Executive Team

Professor Jane Phillips, President

Jane is recognised as a leader in palliative care research both in Australia and overseas. She is passionate about strengthening the role of nurses in delivering palliative care that responds to patients’ physical, emotional and spiritual needs. 

Jane brings clinical, policy and academic expertise to her role at PCNA. She is focused on expanding the organisation’s advocacy and representation activities, ensuring that members have a voice on major issues that impact palliative care policy and practice. Beyond PCNA, Jane is the founder and inaugural Director of the Centre for Improving Palliative, Aged and Chronic Care through Clinical Research and Translation (IMPACCT) at UTS, is the editor of both Collegian and the International Journal of Palliative Nursing and Chronic Illness, and was recently appointed to the editorial board of Palliative Medicine.

As well as a passion for patients, Jane is a committed supervisor for doctoral and postdoctoral researchers. She holds honorary professorships at numerous universities, including Oxford Brookes, University, in the UK, Hong Kong Polytechnic University, Sun Yat-Sen University, in China and the University of Notre Dame Australia, Sydney.

Allison Lovell, Vice President

Allison has been a nurse for close to 20 years, primarily in the acute hospital setting in both Australia and the United Kingdom. After 10 years as a specialist haematology nurse in Queensland’s leading bone marrow transplant unit, she transitioned to specialist palliative care nursing.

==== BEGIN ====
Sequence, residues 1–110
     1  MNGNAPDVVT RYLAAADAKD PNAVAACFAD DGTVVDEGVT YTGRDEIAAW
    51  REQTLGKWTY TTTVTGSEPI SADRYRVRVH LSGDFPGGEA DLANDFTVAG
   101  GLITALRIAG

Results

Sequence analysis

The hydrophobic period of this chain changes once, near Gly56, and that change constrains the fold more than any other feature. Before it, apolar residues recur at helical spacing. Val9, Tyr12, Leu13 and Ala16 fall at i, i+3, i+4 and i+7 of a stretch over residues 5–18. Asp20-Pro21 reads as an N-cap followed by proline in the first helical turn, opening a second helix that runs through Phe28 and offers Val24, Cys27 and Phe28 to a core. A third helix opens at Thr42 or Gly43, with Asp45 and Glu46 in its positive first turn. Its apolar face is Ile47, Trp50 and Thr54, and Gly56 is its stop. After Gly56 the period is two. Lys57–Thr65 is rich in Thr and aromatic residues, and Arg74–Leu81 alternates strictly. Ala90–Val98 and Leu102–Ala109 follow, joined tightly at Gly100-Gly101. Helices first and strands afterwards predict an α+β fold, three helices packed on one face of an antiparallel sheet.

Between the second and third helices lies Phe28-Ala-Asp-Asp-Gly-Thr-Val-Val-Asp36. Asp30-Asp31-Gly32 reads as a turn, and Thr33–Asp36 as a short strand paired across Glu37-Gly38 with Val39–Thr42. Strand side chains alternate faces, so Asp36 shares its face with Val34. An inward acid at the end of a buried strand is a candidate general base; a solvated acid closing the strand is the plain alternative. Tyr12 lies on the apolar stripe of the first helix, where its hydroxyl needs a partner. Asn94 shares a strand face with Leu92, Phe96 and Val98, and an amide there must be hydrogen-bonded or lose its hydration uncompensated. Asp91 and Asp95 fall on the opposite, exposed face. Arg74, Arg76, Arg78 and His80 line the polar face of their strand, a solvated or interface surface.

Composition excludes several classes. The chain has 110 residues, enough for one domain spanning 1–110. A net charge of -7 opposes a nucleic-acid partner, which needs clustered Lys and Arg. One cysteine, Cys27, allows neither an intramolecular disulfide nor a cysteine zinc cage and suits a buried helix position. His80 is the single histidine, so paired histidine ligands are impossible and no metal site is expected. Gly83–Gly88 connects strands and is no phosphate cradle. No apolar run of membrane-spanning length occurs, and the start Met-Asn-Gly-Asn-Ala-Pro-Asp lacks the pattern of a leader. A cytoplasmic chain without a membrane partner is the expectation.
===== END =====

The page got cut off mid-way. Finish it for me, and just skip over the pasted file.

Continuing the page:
Allison has a special interest in improving patient access to palliative care. She is currently employed by the Queensland Department of Health, Clinical Excellence Division to coordinate implementation of Queensland’s first statewide strategy for end of life care.

In 2014 Allison completed a Master of Health Management and in 2018 she became a Fellow of the Australasian College of Health Service Management.

Dr Jenny Fox, Treasurer

Jenny is a Research Fellow, Centre of Research Excellence in End-of-Life Care at the Queensland University of Technology (QUT). A certified practising accountant for more than 20 years, Jenny came to nursing later in life when a family member was diagnosed with terminal cancer. Her experience with community palliative care nurses was the launching pad for a new career.

After completing a Bachelor of Nursing at QUT, Jenny worked as a clinical nurse in a hospital palliative care unit. She returned to QUT to pursue further study and research, completing a PhD and embarking on a program of palliative care research with an emphasis on metastatic melanoma.  

In her current Research Fellow role, Jenny is focused on generating knowledge to guide the development of innovative service models that will improve outcomes for people at end of life. She recently completed a multi-site study into the supportive care needs for carers of people with metastatic melanoma.

Kym Griffin, Secretary

Kym Griffin is the Research Officer, Centre for Palliative Care Research and Education. In this role, she is responsible for developing and delivering palliative care clinical education to health care practitioners working in a wide range of disciplines. She is committed to improving access to high quality palliative care education for all health professionals, particularly those in regional and remote areas, and to improving end-of-life experiences for people living in non-urban areas.